So, you’re a molecular biologist leading your field in groundbreaking research, that’s great! The problem is that you’re being told by pushy marketing people that, “the marketing department has created slides and we need you to use them so we can maintain a consistent approach to the market.” In effect, you’re being told NOT to adjust your presentations to your unique audience.
Is there really a problem here? Isn’t consistency in outreach efforts a good thing? Companies can’t afford to have every presenter making or adjusting their slides and deviating from corporate branding, can they?
Brilliance ≠ Greatness
Of course it doesn’t, but each presentation needs to fit its audience. This means the presenter needs to do extra research, this time of your audience and what their needs are. It doesn’t matter if your presentation is clear to other scientists if it doesn’t make sense to the audience of finance and marketing people that you’re speaking to.
For the past 20 years we’ve worked with amazing scientists who are fantastic in their field but fail to see the importance of making great presentations. Presentations are a different beast entirely where it’s not about the transference of data, evidence, research, or logical arguments, it’s helping others see the world differently. It’s the WHY behind the WHAT. With that new insight the audience can think about and solve problems in new ways which, before the presentation, they wouldn’t have thought of.
Brilliance = Simplicity
Science can be complex, but it doesn’t have to be presented in difficult-to-understand manners. Poor presentation habits are formed in early classroom education, from high schools and universities. Our experience has told us that Einstein had it right. He believed that great presentations begin with a clear objective and then progress by building a clear presentation structure around meeting specific audience’s needs.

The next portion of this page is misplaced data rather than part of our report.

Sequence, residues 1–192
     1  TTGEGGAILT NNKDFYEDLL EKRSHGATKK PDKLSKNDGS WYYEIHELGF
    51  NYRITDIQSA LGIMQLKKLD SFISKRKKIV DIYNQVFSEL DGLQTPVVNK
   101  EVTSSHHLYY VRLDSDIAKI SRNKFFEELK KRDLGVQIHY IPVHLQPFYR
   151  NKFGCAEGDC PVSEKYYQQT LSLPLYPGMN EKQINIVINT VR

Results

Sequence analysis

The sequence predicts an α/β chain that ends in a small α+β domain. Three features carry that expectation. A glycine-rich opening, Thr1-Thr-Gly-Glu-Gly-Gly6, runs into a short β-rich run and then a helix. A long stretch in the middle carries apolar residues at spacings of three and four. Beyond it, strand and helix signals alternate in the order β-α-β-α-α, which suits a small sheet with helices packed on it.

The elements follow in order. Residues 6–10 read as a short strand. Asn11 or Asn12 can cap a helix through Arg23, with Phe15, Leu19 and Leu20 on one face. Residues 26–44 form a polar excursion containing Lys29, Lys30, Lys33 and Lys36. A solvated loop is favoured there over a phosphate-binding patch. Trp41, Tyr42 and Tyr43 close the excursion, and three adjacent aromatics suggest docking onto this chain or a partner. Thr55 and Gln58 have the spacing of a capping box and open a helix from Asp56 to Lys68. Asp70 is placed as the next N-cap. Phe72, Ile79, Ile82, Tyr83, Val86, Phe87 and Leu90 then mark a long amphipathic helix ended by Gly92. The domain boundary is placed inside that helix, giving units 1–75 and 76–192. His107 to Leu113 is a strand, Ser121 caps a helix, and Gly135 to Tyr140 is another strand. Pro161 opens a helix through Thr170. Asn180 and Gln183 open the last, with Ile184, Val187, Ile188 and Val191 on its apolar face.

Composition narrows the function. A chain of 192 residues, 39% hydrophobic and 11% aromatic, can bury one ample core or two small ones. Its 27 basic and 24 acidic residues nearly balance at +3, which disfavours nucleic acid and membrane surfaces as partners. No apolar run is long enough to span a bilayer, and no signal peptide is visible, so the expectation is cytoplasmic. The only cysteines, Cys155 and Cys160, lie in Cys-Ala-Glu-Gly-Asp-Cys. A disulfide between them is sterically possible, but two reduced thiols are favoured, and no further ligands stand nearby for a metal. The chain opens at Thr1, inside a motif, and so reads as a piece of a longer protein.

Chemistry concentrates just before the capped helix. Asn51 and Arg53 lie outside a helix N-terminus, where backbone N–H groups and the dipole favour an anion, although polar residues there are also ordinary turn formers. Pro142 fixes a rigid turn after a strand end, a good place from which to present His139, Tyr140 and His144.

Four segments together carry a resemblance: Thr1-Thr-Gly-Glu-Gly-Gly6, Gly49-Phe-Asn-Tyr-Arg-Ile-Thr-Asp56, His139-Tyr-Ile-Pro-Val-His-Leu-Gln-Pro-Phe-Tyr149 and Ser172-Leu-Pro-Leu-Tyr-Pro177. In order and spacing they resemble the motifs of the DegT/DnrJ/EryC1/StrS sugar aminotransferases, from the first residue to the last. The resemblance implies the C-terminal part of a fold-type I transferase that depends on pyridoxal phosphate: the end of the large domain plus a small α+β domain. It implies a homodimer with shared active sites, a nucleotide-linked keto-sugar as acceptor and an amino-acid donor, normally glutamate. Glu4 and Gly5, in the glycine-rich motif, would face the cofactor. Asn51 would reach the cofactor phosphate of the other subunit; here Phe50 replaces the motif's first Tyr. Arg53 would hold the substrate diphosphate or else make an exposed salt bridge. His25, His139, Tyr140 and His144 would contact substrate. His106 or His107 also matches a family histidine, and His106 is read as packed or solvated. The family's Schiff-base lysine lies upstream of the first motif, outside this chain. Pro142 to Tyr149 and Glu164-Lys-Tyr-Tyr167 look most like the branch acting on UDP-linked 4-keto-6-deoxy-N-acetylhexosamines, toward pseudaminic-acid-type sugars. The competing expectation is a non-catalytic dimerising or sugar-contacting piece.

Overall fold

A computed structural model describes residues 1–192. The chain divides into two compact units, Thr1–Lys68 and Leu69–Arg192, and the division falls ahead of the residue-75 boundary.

The first words from a presenter are what make or break your presentation and determine whether or not you capture your audience’s attention. Each segment of the presentation must have a clear beginning, middle, and end (think of your favorite books, symphonies, movies, etc.). Real world complexity is built one simple idea at a time, so you need to build your conclusion, not jump to it from the start. Connections are clearly drawn, processes are mapped, and points build upon one-another until you can deliver a conclusion that creates a crafted finish, not an end.
Stories Capture Audiences
The world of science creates fantastic stories. Presenters take us with them on the journey and show us struggles and ideas it took for them to succeed. A great presentation with story points feels like a thrilling movie or a moving orchestral piece. Feelings are evoked and at the finish the audience should feel relieved, enlightened, or excited.
Approaching a presentation should begin with how you want your audience to FEEL at the end, not just with what you want them to learn. Research has shown that stories increase audience retention by 20% so it’s vital you design your presentation this way.